Politics

People Keep Defacing Kari Lake Signs

A Kari Lake sign, spraypainted, on Camelback Road in central Phoenix.
A Kari Lake sign, spraypainted, on Camelback Road in central Phoenix. Katya Schwenk
Kari Lake, the former TV news anchor turned polarizing far-right candidate for Arizona governor, has spent the last year of her campaign capitalizing on her relationship with former president Donald Trump.

Trump gave Lake a glowing endorsement for governor last year. The two have appeared together frequently — at  Trump's rallies and campaign visits to Mar-a-Lago. With his support, Lake has become one of the GOP front-runners in the race to succeed Governor Doug Ducey.

So, of course, Lake's new campaign signs feature her with the former president, grinning. "Trump-endorsed," they read. They have joined the crush of political signs on Phoenix's streets these days, as the August primary elections fast approach.

It did not take long for people to start destroying them.

As observers on social media have noticed, defaced Kari Lake signs have become something of a trend across Phoenix this week.

One vandal appears to have gone down Camelback Road and spray-painted Trump's face orange on each of Lake's signs. On others, protesters cut out Trump's face, or painted it over with expletives. In one more confusing instance, Trump's face was covered by a photo of Lake herself.

Lake's campaign has been incensed about this. On Twitter last week, Lake called them "losers" with "Trump derangement syndrome." She quickly turned the whole situation into a request for donations, asking supporters to sponsor new signs — at $50 a pop.

In a statement to Phoenix New Times, the campaign doubled down on this: "I am glad that these losers are crawling out of their parent’s basement, I just wish it was to do something productive to society, rather than destroy property," Lake wrote in a statement, claiming to have raised thousands of dollars from supporters chipping in.

However, damage to campaign signs has not seemed to slow, particularly in Phoenix's more liberal neighborhoods, according to reports of their locations on Twitter. New orange-painted Trump signs appeared on Monday.

Meanwhile, Lake's Republican opponent, Karrin Taylor Robson, has gone on the attack, putting up signs across the city that feature Lake next to another former president — Barack Obama. "Kari Lake Donated To Obama," the signs read. Small print at the bottom of the signs reveals that they were paid for by Taylor Robson's campaign.

Lake's former support for Obama has become a point of contention in the race. Despite her hard-line conservative rhetoric in the current race for governor, Lake has had political changes of heart over the years. From 2008 to 2012, Lake was a registered Democrat. She then returned to the GOP.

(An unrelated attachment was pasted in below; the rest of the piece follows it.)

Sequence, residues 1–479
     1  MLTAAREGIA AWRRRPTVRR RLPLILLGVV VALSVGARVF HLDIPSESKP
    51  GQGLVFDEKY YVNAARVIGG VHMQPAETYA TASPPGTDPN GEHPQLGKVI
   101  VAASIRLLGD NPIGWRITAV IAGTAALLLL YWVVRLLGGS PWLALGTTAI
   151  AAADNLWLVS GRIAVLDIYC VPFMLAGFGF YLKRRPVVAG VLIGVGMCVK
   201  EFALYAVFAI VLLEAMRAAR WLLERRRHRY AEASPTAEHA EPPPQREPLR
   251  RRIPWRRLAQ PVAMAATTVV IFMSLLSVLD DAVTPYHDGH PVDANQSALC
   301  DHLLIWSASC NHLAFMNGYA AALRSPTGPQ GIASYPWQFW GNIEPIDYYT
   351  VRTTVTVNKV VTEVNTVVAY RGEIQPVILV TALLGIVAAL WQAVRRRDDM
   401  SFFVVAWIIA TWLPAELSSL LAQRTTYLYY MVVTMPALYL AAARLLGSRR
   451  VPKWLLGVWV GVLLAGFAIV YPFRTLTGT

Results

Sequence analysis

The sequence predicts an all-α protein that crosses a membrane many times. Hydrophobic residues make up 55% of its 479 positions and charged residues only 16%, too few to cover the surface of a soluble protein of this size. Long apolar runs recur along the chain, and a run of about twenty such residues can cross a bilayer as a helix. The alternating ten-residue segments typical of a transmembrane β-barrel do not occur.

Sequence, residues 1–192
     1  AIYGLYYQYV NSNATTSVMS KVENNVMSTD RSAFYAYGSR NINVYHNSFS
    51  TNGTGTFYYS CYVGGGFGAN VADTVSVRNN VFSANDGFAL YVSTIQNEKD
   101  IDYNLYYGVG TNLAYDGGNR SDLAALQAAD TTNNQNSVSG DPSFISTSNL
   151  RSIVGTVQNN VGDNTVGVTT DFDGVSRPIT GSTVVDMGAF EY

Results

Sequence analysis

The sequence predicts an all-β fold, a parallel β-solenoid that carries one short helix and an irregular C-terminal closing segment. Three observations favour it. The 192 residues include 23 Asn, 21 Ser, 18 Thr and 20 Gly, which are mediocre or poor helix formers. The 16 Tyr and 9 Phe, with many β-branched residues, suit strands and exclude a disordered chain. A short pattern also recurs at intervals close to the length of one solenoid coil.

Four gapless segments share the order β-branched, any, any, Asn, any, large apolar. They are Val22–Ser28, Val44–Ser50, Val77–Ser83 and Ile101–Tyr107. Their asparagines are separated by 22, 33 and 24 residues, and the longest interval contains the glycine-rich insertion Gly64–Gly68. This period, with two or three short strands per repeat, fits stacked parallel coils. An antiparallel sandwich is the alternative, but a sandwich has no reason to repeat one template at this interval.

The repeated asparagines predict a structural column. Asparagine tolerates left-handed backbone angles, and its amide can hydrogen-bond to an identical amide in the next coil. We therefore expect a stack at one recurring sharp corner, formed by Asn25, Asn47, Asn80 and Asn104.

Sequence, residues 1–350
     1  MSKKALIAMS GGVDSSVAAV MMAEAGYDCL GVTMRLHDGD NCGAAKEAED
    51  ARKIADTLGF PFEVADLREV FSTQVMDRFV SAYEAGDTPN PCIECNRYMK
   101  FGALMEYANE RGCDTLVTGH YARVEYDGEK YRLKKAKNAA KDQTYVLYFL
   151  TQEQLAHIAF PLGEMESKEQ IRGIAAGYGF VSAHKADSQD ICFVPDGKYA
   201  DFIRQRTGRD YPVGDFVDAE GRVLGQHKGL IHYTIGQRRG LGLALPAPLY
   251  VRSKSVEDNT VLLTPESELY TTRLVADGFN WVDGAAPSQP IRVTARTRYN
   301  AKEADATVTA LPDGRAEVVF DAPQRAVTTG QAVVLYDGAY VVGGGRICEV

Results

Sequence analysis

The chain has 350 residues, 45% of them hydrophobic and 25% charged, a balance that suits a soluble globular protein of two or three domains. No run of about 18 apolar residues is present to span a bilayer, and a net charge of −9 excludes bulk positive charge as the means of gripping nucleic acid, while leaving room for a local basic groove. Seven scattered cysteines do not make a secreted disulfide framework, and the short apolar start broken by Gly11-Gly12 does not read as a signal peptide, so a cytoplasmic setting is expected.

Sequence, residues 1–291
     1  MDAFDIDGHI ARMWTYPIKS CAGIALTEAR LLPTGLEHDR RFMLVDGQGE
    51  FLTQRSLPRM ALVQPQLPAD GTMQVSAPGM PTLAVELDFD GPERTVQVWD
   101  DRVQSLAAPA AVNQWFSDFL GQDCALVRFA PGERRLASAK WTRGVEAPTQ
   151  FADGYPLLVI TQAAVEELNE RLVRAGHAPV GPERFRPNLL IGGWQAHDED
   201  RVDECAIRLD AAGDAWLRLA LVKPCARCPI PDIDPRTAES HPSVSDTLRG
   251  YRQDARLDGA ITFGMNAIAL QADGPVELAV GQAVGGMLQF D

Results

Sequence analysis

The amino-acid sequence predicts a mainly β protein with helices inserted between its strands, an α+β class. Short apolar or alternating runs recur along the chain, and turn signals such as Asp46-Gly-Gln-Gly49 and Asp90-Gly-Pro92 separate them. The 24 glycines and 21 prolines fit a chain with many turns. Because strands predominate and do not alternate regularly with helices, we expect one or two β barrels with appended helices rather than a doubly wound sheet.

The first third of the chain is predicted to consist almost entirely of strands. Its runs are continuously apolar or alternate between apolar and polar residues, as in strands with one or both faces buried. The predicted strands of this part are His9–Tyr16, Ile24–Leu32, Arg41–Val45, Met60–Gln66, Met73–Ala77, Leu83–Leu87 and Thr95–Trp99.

During that time, in June 2008, someone named "K. Halperin" donated to Barack Obama. Halperin is the last name of Lake's husband, and she has used her married designation in the past. Pressed on this donation in an interview with KTVK-TV (Channel 3) last year, Lake claimed it was her husband's donation made under an erroneous name. She then went on the defensive, saying that regardless, it didn't undermine her credibility.

Her opponents have happily seized on the donation — and reports in conservative news outlets that she canvassed for Obama in 2008 while working as a TV journalist — to brand her as a fake Republican.

Lake's campaign did not reply to Phoenix New Times' requests for comment for this story.

Regardless of the truth of Lake's support of Obama in 2008, her rhetoric is certainly far right these days. Even as recently as last week, Lake was insisting that Trump won the 2020 election and calling journalists who disagreed "propagandists."

Sticking to those stolen election claims, as Lake has done for more than a year now, might get you Trump's endorsement. But, apparently, it can't keep him on your signs.
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Katya Schwenk is a staff writer for Phoenix New Times. Originally from Burlington, Vermont, she now covers issues ranging from policing to far-right politics here in Phoenix. She has worked as a breaking news correspondent in Rabat, Morocco, for Morocco World News, a government technology reporter for Scoop News Group in Washington, D.C., and a local reporter in Vermont for VTDigger. Her freelance work has been published in Business Insider, the Intercept, and the American Prospect, among other places.
Contact: Katya Schwenk